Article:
“The last one that sort of ties in with the others is issues with sleep, whether sleeping too much or not being able to get to sleep or not waking up feeling rested,” Lewis said. “It kind of goes with that energy thing.”
Reacting quickly to a head injury can make a difference.
“The most important thing with anybody, an adult or kid, is get the person out of harm’s way,” Lewis said. “Coaches are getting better about being aware of when there is a big hit or someone bangs their head on the floor playing volleyball or whatever. Those should be pretty obvious. …
“But I go as far as saying it is a parent’s responsibility if you are watching the game — and referees, the coach and everyone else misses something because their focus is on the action and maybe it is something off to the side — a parent should speak up and stop the game if necessary and get the kid out of harm’s way because you don’t want another injury to compound … the first one. That is by far the most important.”
While it might be difficult to find the confidence to intervene during an event, it’s important to look out for all athletes. No one knows an individual better than a parent. Staying vigilant about symptoms is key.
“If a kid says to you they don’t feel right, that there’s something wrong, you really need to listen to them,” Lewis said. “Get them evaluated. Sometimes kids won’t be able to express what is wrong but you need to look at those four areas remembering the cognitive area, the physical area of headaches and dizziness and sensitivity to light and noise, the emotional — how do you know when a teenager is moody is a little big of a trick, but parents typically will know.
“So a kid who is usually very calm, very pleasant and then has emotional outbursts — they may not understand it themselves, but a parent will notice what’s going on. And of course the fourth one, the sleep issues, if they are just sleeping all the time, which is more than a teenager would typically want to sleep, those are areas where you can be concerned.”
Combine the tremendous frequency of head traumas with what little experts really know about them, and the need to know symptoms and react is crucial. While experts say the majority of concussion patients will recover quickly, often within two weeks, a head injury just as easily can lead to much longer recovery.
“Everything you read from the CDC website and the NIH and so on will say eighty percent get better in two weeks,” Lewis said. “What is left unstated is, yeah, what about the other twenty percent? And, oh, by the way, if you are looking at three to four million concussions a year, twenty percent of four million is a lot of people.”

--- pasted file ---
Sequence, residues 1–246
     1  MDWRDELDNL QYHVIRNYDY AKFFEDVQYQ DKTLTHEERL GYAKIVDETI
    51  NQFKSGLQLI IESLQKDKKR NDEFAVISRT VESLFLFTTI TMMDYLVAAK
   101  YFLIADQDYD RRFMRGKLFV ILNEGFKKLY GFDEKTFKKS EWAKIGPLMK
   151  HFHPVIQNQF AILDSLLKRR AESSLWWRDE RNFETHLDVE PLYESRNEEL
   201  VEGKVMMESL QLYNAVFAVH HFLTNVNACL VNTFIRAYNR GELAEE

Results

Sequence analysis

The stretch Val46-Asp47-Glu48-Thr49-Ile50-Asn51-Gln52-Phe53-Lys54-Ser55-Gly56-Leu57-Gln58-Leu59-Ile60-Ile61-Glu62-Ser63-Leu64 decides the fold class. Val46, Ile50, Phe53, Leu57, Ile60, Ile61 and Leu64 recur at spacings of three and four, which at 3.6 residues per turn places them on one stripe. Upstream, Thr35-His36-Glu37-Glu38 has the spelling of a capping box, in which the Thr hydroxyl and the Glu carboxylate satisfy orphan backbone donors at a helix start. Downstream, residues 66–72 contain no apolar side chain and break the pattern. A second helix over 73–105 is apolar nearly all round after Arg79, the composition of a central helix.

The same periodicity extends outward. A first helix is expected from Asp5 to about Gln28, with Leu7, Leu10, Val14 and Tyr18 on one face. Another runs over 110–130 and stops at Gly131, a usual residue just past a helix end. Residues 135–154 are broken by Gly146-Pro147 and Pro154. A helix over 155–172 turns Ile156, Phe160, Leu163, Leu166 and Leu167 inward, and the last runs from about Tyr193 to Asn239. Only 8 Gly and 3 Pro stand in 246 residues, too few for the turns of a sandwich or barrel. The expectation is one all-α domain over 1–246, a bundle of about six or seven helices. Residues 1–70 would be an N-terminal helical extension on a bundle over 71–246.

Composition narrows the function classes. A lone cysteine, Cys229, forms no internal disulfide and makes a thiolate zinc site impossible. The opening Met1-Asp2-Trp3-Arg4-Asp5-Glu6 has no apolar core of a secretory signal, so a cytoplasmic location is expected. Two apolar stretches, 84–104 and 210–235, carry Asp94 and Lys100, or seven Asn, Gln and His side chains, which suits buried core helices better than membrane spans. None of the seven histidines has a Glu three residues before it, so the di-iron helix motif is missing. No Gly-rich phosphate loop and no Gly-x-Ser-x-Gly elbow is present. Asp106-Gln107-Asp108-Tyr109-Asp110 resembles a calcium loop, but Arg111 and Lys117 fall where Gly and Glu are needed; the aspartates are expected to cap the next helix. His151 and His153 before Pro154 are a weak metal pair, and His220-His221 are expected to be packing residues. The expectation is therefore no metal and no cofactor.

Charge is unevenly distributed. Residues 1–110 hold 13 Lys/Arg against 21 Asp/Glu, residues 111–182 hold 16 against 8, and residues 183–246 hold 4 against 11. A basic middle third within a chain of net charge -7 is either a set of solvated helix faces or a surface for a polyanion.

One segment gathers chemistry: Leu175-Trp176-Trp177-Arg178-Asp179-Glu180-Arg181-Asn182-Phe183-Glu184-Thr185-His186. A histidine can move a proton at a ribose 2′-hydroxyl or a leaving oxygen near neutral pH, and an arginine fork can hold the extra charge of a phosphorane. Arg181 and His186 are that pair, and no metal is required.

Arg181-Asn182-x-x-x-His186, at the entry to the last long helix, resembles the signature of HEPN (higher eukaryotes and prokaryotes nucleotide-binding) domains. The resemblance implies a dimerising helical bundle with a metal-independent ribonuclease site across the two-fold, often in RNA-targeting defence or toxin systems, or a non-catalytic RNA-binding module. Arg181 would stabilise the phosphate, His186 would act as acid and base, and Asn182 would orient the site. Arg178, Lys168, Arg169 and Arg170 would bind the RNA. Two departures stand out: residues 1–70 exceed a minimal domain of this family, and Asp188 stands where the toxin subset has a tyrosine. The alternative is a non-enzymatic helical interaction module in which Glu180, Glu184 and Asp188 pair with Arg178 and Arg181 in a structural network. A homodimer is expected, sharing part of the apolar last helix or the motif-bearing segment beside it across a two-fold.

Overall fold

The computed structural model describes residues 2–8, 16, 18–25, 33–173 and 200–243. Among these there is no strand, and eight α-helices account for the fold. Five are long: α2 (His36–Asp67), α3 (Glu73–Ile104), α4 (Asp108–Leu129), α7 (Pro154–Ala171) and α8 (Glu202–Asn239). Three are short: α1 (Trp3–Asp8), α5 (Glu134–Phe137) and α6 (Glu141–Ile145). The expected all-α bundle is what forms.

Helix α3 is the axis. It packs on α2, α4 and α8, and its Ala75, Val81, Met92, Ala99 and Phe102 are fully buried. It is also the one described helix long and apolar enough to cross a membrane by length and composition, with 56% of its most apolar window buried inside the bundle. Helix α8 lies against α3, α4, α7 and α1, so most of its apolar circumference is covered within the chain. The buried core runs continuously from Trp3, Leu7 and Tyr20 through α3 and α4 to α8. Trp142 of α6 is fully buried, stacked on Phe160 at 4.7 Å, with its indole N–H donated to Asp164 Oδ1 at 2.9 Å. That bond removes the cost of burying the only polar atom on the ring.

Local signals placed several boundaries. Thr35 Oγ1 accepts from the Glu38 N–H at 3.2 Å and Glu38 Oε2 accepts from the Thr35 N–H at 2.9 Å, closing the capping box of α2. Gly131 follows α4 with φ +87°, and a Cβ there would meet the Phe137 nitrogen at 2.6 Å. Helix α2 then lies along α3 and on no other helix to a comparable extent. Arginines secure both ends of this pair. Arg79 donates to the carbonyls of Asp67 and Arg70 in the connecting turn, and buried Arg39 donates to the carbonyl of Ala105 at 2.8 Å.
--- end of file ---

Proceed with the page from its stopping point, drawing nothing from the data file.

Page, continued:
If you do the math, that’s 800,000 people who could struggle beyond two weeks in recovery. There is no way to know which recovery time a patient can expect to experience, one of the many unanswered questions about concussions.
“Medicine doesn’t have any answers for that,” Lewis said. “There is no standard care, number one, for concussion. Modern medicine won’t even agree on what is a concussion, and what’s the definition of a concussion and how you treat a concussion. There is no standard for that, let alone how you help someone recover.
“Modern mainstream medicine, which translates into what is covered by insurance, only recognizes symptoms and drugs to cover up the symptoms. It doesn’t get into the underlying issue of how you actually get the brain to heal so the symptoms will go away. That’s when you get into integrative or even holistic or alternative medicine that tend to have a better impact than the accepted insurance-based medical system that we have that has absolutely no answers whatsoever.”
Many pro, college and high school programs have trainers who initiate a baseline test before a season starts to use if a head trauma occurs. The effectiveness of those programs appear encouraging but aren’t verified. Lewis said the baseline test isn’t necessarily an answer for youth sports.
“One of those issues is how valid are those tests the younger you get?” Lewis said. “In my opinion there is no more valid test than a mother saying something is wrong, especially the younger the kid is. Again, there is not a single set diagnostic test out there yet. Certainly there is a lot of money and science going into this to figure things out but we aren’t there yet.”
Learning about concussion symptoms is important for anyone in sports. Lewis has a book coming out this fall titled “When Brains Collide” that could be a valuable resource.
“It’s what every athlete and parent should know about concussion and head injuries,” Lewis said.